When we say you're a "programmer," we mean that you're someone who helps implement the product your team is creating. Your job title might include "architect," "designer," "software engineer," or even "programmer." We'll just call you a programmer to make things easy.
The Programmer's Role
As a programmer, you have a crucial role: you build the software. Your challenge is doing so correctly. It's hard enough to write bug-free code without the added difficulty of guessing what your customers want. Fit exists to help you understand your customers' needs and to allow you to demonstrate what the software is doing.
Fit works with HTML documents. Those documents include tables which are interpreted by fixtures. Those fixtures are your responsibility.
Fit works by parsing HTML, finding tables, and passing the information in the tables to fixtures that you write. The fixtures take the information from the tables and turn them into method calls on the actual application. Here's an example of a ColumnFixture:
As you can see, fixtures are actually pretty easy to write. Fit comes with three base class fixtures which you extend. These base fixtures do the heavy lifting. The three base fixtures are:
(Note: You can also write your own base class fixtures or use base fixtures provided by others. Doing so is beyond the scope of this document.)
When a fixture runs, it compares the data in some cells against the data returned by your application. By convention, fixtures color-code the cells according to the result of the check:
(It's possible for you to write new base fixtures that don't follow these conventions, but we don't recommend it!)
Fit is a command-line application. The standard Fit runner takes a single HTML file, processes it, and outputs the result to a different file. There are third-party runners that will process entire directories, such as RickMugridge's FolderRunner in his FitLibrary.
Many business-grade tools will save documents as HTML, including Microsoft Word. Just say "File->Save As" and pick HTML. Fit works great with Word documents that have been saved as HTML.
Excel also saves documents as HTML, but it saves the whole document as a giant table. As a result, Fit won't work directly with Excel documents. Instead, cut-and-paste examples from Excel to Word. They'll come across as tables and work fine from there.
Working With Customers
Although Fit tests examples against your code, Fit's not just a testing tool. At its heart, Fit is a tool for collaboration. It's about giving you a rigorous way to discuss details with your customers. And it's about giving your customers a way to see what your software really does.
Because Fit reads and writes HTML, and because Word and similar business tools read and write HTML, Fit documents can be written, directly, by customers. It allows customers to own their examples. That's important. Encourage them to do so. Show them the feedback and control they'll get. Customer involvement is critical to software success. Fit will help you get it, and if you do, your software will be better.
A big part of using Fit is helping customers participate, so you may want to read FitWorkflow and the CustomerGuide. Pay particular attention to the Fit lifecycle and look for ways you can help your customers participate.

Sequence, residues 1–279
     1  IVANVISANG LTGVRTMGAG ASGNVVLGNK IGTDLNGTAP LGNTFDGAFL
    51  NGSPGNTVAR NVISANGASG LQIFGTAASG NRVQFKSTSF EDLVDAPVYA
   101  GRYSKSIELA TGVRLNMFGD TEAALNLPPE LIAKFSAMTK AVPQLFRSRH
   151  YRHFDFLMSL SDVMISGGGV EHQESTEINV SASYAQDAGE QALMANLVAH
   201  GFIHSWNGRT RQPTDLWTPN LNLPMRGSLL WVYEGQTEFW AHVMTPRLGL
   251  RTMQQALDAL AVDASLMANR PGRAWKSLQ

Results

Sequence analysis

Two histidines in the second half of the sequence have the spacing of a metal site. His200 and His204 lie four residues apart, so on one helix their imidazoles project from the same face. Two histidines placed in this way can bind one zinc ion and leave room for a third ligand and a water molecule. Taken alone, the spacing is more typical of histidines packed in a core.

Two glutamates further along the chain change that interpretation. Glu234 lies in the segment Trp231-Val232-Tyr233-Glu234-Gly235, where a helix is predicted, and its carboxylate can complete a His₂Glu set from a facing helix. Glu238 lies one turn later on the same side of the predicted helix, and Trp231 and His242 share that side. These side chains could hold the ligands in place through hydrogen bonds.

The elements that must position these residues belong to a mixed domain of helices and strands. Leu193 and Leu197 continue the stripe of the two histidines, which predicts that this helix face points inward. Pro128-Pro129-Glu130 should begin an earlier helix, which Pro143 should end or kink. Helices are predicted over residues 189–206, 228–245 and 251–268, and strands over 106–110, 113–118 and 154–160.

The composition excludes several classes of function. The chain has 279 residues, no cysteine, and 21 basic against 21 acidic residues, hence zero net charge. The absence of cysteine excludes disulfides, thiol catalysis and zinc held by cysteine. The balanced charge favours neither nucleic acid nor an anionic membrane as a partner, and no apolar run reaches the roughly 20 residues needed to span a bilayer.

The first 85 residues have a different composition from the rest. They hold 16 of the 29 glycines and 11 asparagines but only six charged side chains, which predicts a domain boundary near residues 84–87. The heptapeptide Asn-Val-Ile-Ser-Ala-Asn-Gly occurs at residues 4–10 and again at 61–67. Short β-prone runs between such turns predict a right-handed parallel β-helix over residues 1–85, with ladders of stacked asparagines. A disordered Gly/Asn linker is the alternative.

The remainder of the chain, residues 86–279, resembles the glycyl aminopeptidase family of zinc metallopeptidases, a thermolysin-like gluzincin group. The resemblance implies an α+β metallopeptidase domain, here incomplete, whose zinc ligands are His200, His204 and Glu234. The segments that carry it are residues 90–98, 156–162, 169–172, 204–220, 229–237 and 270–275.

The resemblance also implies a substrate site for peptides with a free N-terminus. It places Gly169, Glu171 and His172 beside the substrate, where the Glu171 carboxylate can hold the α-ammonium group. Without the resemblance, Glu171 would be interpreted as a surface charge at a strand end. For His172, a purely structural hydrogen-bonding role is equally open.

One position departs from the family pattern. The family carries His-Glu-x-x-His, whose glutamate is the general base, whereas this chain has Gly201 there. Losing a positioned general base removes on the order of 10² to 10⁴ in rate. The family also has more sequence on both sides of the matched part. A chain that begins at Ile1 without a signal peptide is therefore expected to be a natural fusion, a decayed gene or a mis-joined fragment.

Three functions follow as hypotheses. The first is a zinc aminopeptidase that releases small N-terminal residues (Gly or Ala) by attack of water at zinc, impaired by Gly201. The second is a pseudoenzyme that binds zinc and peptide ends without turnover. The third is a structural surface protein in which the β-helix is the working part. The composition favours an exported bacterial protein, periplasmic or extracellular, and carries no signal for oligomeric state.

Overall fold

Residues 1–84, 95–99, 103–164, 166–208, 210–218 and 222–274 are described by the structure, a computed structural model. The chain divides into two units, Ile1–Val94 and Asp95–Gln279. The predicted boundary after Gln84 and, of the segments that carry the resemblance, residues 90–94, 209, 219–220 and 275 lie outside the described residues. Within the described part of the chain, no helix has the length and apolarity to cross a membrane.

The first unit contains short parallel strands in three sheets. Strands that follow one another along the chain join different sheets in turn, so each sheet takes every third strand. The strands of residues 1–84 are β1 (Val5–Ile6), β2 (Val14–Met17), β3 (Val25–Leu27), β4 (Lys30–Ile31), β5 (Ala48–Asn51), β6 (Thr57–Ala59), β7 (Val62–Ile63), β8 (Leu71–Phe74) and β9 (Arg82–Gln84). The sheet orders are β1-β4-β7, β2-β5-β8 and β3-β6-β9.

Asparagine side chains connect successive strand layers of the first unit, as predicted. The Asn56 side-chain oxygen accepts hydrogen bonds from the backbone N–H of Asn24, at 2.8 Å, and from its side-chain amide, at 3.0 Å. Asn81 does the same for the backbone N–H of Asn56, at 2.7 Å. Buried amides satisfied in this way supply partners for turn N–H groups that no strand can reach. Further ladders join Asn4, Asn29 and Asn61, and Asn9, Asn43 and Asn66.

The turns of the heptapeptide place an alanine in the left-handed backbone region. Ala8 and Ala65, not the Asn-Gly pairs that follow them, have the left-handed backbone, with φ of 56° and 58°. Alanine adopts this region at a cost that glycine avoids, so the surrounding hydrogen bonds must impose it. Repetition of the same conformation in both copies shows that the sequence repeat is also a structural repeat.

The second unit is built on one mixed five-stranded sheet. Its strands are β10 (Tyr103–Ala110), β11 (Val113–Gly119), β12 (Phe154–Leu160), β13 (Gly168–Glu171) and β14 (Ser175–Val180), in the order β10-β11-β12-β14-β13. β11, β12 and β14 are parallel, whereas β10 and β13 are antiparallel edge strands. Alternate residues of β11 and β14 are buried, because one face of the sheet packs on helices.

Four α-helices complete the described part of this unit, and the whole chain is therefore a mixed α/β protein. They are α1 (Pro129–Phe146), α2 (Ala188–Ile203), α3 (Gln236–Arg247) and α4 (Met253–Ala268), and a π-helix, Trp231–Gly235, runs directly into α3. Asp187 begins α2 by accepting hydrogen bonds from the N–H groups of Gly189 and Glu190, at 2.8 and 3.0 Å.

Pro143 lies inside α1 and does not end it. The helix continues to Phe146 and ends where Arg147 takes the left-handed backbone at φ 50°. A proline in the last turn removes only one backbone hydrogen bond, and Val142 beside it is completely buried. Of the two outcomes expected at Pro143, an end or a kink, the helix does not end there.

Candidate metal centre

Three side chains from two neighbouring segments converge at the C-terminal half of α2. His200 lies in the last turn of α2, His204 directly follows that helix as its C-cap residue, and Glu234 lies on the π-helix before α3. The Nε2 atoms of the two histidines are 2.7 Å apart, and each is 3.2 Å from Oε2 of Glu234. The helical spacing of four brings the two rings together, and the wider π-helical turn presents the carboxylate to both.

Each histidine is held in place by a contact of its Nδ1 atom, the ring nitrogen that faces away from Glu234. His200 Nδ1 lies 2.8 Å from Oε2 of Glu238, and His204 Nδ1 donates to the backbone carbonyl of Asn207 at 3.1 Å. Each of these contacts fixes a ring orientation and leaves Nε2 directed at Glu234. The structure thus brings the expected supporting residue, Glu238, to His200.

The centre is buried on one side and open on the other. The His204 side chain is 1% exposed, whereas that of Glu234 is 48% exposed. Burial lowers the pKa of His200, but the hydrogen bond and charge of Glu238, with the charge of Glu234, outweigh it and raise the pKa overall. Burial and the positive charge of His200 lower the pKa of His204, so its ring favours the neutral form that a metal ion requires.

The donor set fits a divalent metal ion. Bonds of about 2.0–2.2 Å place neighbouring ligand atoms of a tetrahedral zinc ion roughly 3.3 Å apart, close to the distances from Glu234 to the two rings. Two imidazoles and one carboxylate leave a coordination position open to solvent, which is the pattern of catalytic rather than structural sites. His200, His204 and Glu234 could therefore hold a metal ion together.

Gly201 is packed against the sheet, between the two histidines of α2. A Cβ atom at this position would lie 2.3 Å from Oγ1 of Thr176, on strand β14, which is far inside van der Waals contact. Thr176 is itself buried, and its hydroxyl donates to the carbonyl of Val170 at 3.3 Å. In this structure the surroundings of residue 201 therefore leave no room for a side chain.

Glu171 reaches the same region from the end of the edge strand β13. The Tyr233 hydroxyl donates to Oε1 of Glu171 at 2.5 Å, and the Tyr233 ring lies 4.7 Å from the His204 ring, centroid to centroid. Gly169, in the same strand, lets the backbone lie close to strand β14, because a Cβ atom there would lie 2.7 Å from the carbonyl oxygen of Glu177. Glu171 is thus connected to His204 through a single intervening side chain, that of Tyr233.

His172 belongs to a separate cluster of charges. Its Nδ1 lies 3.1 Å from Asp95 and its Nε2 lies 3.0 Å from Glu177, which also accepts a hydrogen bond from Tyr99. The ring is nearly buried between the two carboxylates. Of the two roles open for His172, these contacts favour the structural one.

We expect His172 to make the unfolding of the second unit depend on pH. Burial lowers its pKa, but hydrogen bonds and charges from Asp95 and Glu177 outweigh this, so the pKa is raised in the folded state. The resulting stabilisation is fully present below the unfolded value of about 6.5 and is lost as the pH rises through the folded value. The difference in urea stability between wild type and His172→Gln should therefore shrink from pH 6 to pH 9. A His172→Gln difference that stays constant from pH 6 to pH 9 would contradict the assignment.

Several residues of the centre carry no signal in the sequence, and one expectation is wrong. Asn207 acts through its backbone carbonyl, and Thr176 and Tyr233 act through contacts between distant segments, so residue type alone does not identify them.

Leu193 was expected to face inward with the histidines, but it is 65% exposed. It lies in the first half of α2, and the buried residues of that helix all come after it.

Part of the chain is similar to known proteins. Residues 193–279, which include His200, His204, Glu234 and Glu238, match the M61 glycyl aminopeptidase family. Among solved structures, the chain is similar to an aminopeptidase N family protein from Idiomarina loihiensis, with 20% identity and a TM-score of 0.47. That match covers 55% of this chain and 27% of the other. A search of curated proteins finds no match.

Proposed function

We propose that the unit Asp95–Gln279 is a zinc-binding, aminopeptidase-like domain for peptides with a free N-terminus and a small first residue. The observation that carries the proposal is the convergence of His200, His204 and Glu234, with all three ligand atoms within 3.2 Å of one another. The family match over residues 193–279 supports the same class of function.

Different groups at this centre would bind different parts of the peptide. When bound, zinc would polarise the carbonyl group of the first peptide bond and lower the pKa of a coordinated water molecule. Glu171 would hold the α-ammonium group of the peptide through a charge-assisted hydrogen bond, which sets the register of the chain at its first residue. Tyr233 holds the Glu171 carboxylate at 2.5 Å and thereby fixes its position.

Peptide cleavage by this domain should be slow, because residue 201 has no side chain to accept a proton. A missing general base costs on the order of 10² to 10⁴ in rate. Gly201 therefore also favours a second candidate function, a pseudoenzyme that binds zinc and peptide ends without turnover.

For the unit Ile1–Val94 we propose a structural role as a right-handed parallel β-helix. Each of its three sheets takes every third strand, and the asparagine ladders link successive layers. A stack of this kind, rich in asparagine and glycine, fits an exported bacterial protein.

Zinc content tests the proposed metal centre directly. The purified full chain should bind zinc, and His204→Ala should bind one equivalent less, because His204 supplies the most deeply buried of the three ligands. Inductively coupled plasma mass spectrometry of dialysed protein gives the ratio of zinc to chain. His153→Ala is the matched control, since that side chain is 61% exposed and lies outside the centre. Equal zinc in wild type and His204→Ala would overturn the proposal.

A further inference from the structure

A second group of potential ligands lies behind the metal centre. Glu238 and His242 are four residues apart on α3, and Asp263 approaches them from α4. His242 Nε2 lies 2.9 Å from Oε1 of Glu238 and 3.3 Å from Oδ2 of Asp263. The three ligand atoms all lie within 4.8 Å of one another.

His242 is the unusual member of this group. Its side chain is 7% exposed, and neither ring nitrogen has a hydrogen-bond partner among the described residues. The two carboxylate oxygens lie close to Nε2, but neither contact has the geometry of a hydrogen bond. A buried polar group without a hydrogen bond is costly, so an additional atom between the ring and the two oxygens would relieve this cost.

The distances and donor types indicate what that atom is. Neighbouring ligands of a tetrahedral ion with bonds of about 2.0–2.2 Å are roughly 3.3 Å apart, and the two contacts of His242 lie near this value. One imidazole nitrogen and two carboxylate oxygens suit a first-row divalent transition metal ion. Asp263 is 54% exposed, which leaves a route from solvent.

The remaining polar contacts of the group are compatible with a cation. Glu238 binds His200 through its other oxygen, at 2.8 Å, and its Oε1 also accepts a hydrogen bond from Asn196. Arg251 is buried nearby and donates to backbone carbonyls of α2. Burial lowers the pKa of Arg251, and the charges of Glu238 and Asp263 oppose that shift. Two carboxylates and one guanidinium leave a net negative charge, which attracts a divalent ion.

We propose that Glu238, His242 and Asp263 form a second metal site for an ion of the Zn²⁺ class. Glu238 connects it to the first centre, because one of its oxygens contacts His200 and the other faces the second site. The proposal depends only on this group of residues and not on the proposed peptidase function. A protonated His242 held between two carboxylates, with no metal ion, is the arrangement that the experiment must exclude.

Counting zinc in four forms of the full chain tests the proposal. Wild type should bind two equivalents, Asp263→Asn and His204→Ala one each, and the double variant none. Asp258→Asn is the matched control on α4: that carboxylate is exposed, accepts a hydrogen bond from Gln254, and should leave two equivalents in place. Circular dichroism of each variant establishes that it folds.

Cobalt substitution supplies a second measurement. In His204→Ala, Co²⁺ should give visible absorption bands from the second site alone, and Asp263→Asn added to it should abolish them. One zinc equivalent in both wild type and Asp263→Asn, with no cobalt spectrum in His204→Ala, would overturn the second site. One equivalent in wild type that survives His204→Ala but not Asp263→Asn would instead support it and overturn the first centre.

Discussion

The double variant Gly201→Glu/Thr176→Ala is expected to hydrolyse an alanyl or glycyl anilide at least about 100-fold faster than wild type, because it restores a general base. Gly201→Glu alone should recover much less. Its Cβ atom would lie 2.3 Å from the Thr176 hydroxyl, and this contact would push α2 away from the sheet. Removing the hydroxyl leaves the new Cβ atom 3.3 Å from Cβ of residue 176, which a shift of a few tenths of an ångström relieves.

Many customers are more comfortable talking about the UI of an application than underlying requirements. In the beginning, you're likely to get examples that talk about what the user does rather than underlying business rules. These sorts of examples obscure the customer's real needs and they're hard to write and maintain. Gently steer your customer in the direction of discussing examples around business rules. For example, if the customer says "accounting will press this button and the software will take the timecard and calculate the employee's pay," you can ask for examples of timecards and resulting pay.
As your customer describes examples, you'll probably think of questions. Use those questions to get additional examples that demonstrate the answer to the question. Sometimes your customer won't know or will be flustered by the question. In that case, put it aside for later.
After you have a few key examples, help your customer turn the examples into tables. Don't try to make the tables work with fixtures just yet. Just get the examples down. Once you're all satisfied with the tables, reformat them so they're easy to implement with Fit. Be careful not to lose the customer's perspective when you do this.
As you implement the feature, you'll probably come across questions that aren't covered by the examples you have. Bring these questions back to your customer and, as before, use them to help guide your customer in creating additional examples.
Fit isn't just a way for you to get details from your customer. It's also a way for your customer to get feedback from your program. Show your customer how to run Fit against the latest build. Demonstrate how he or she can make changes to Fit documents, rerun Fit, and see the results. This will allow your customer to experiment and come up with more examples. You want your customer to be able to say, "I wonder how the software handles this situation...?" and get the answer by adding a new example to a Fit document.
We've only touched the tip of the Fit iceberg. See FitDocumentation for more information about writing fixtures, for examples of tests, and to learn more about using Fit with your specific programming language.
by JimShore with contributions by (your name here). Last updated for v1.0.
|Last edited March 4, 2005
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